He says his writing has had an impact on the real world. Some things in his stories–like the enhanced artificial blood in Old Man’s War–has piqued the interest of real-life scientists. SF offers something few other genres do, he notes, in that people sometimes read about something in SF and think, “This is cool, I want this in the universe,”–and then they go out and build it.
His biggest impact has been through a couple of non-fiction pieces, he says. His essay “Being Poor,” written in response to people wondering why those affected by Hurricane Katrina in New Orleans didn’t just pack up and leave, “went everywhere.” It appeared in newspapers, it’s been put in textbooks, and it’s taught in classes. “That’s an example fo something I’ve seen go far and wide and have influence on the discussion.”
Another was an essay comparing life to a videogame, and arguing that in that metaphorical videogame, straight white men play at the “lowest difficulty setting.” It doesn’t mean they can’t still lose, it doesn’t mean the game is hard, but it isn’t as hard for them as for some others. He says that piece was an attempt “to explain privilege to people who hate the world privilege.”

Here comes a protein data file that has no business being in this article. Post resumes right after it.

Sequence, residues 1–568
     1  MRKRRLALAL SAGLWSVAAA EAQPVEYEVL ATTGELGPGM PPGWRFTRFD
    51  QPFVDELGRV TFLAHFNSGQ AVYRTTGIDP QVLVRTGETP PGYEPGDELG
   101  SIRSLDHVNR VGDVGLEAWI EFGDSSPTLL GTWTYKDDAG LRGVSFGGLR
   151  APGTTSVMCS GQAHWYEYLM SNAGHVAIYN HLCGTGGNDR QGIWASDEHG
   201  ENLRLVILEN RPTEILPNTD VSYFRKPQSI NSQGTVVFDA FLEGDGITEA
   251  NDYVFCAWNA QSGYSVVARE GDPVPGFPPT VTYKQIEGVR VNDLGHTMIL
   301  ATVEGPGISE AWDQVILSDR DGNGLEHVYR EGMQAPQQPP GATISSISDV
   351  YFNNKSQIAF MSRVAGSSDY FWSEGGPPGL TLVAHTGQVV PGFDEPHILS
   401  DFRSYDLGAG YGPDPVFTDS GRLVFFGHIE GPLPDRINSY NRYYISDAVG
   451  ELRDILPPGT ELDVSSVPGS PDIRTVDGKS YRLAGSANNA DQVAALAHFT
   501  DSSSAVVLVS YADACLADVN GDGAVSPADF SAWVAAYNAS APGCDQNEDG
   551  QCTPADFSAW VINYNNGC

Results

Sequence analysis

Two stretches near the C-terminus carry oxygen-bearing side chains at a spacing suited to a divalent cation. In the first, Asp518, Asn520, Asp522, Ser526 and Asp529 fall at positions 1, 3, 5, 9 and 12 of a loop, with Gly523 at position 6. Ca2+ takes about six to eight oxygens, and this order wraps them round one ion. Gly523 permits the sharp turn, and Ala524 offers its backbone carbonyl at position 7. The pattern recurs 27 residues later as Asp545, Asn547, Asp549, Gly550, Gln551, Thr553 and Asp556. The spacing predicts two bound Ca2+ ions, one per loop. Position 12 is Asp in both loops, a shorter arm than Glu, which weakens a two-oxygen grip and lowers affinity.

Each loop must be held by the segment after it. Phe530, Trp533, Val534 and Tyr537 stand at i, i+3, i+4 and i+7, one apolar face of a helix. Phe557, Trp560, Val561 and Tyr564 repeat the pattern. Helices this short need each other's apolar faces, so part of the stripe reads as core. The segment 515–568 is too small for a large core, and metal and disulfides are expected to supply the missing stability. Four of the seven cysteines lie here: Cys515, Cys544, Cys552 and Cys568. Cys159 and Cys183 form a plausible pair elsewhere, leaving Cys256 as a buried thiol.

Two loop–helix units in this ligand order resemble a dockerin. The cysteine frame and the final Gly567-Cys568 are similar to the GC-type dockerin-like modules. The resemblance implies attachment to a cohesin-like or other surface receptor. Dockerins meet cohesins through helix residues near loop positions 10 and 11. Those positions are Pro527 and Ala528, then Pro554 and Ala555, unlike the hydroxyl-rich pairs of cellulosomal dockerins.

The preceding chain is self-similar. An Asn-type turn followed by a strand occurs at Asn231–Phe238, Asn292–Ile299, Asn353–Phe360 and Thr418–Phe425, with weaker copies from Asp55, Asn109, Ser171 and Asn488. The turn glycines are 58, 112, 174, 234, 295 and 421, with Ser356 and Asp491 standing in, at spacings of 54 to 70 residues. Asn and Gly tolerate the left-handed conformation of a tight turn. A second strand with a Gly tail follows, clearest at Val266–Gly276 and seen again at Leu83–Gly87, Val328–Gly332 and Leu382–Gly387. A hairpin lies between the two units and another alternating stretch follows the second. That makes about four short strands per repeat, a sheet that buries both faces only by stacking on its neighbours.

He says that piece has also gone everywhere, and he hears people using that metaphor whom he’s quite certain have no idea that it originated with him. “it’s come into the common parlance when discussing privilege and intersectionality.”
John says it’s harder to say if anything he’s doing in SF will have any significant influence. “I don’t think you get to figure it out until you’ve been doing it for twenty or thirty years.” And, he adds, “If you’re sitting there saying, what abut my legacy, you won’t be focusing on what you’re doing now, which is writing stuff that is interesting and entertaining and makes people think today…you sit there and write the best work you can. If it gets remembered, that’s great, if it doesn’t, that’s fine, because right in the moment you are doing what you’re supposed to do, which is make people laugh, or cry, or think, or be entertained, and that in and of itself is a laudable goal.”